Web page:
On visiting the sick person referred to, I found him to be a noted character of former times. Many of my readers, who can remember the political events that transpired thirty and forty years since, would remember this person by name as the companion of Thistlewood and others. Thistlewood and various conspirators were apprehended, it will be remembered, at Cato Street, Paddington, on which occasion Mr. Smithers, a Bow Street officer, was killed.

They afterwards underwent the extreme penalty of the law at Newgate. Mr.

would have been found at the loft in Cato Street also, his family informed me, but escaped through the strange friendship of a government spy, who will be remembered by some

* Pollok.

in connection with this sad matter; his name was Castles. This man advised Mr.

not to attend on that occasion, and always appeared exceedingly friendly disposed towards him.

Mr. was, however, privy to all the plans of his confederates, although bloodshed appears to have been less tasteful to him.

By a species of retributive providence, of which the world is full, he who was disinclined to shed the blood of others, died peaceably in his bed many years after his more sanguinary disposed accomplices had had their blood shed by their fellow-man on the scaffold.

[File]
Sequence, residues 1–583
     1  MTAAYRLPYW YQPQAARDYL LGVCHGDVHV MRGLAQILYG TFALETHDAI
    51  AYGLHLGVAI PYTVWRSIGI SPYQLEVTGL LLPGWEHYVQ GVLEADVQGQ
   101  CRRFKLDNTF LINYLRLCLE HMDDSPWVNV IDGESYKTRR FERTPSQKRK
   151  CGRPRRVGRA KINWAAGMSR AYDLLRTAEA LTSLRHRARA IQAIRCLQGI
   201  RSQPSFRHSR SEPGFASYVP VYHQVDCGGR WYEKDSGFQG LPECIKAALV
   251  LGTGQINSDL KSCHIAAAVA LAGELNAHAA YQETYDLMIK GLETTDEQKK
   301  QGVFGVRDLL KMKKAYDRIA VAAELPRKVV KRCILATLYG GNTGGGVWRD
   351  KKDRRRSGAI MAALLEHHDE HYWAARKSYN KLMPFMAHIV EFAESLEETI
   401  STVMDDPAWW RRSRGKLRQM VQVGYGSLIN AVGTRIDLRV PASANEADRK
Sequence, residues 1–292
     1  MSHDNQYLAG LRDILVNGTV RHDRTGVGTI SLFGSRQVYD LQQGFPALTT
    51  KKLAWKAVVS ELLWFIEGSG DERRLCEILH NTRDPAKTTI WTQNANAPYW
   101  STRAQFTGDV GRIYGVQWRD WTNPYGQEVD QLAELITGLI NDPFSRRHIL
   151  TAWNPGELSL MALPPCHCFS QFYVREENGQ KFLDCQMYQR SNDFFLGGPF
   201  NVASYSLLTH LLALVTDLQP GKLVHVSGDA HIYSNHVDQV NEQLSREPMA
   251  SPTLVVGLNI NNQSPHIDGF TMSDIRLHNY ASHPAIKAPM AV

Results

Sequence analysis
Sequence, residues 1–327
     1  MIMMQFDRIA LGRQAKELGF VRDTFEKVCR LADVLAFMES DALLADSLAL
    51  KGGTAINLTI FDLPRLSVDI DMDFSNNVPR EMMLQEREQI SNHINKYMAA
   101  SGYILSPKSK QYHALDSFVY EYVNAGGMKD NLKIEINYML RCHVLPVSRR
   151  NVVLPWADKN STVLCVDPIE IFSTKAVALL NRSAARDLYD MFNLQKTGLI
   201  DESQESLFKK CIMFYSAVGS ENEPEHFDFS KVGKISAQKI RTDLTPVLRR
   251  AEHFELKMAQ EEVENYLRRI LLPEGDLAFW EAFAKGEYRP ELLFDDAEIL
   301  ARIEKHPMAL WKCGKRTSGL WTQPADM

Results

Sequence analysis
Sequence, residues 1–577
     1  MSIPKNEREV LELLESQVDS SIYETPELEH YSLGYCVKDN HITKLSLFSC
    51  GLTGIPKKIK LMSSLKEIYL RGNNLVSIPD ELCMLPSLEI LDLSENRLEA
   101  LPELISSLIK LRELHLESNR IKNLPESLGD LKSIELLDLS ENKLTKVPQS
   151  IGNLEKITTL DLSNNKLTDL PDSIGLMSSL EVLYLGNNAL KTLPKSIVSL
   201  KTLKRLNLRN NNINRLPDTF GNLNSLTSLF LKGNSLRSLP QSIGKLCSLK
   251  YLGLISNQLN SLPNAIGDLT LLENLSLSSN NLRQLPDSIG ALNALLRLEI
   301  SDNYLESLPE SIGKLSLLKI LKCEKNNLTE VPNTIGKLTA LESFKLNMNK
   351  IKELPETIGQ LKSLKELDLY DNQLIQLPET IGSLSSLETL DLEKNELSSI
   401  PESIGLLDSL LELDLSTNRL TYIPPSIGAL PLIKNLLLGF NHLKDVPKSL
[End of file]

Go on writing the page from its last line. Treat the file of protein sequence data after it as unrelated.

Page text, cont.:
Mr. like those with whom he associated, entertained infidel sentiments at that period of time; but afterwards, I am informed by bis wife, he was unable to resist the evidences by which he found the Bible to be supported, on examining to some further extent into those evidences, and became a Socinian, or, as he called himself, an Unitarian.

He was visited by a brother Missionary on an adjoining district, where he then resided. * ' About twelve months prior to his death, I am informed by his wife, his mind became dissatisfied with Socinianism, and he resolved to study the Bible again throughout, which resolution he carried into effect, making notes as he proceeded. After so doing, he stated to her his conviction that Socinianism was untenable, and that the Christ of the Scriptures was a Divine Redeemer, in whom, he added, he desired to trust.

As death approached, my poor friend appeared

* Mr. Tomkins, the pains-taking Missionary of the Field Lane District, who was much better acquainted with this case than myself.

deeply anxious for Christian visitation and prayer, and received the sacrament, not, however, so far as I could learn, attaching any undue importance to this unaffected remembrance of our blessed Saviour.

Shortly before he died, he took my hand, and pressed it very warmly. I suppress

his name out of consideration to his friends. we hopefully believe,--